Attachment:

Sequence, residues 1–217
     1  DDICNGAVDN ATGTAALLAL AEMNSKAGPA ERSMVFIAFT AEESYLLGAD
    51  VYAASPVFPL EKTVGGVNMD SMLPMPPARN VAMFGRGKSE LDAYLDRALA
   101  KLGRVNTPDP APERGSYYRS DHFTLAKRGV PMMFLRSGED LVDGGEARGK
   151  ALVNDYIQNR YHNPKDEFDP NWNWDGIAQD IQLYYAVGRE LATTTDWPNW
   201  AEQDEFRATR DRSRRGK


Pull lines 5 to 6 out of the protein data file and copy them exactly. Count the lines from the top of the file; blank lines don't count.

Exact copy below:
   151  ALVNDYIQNR YHNPKDEFDP NWNWDGIAQD IQLYYAVGRE LATTTDWPNW
   201  AEQDEFRATR DRSRRGK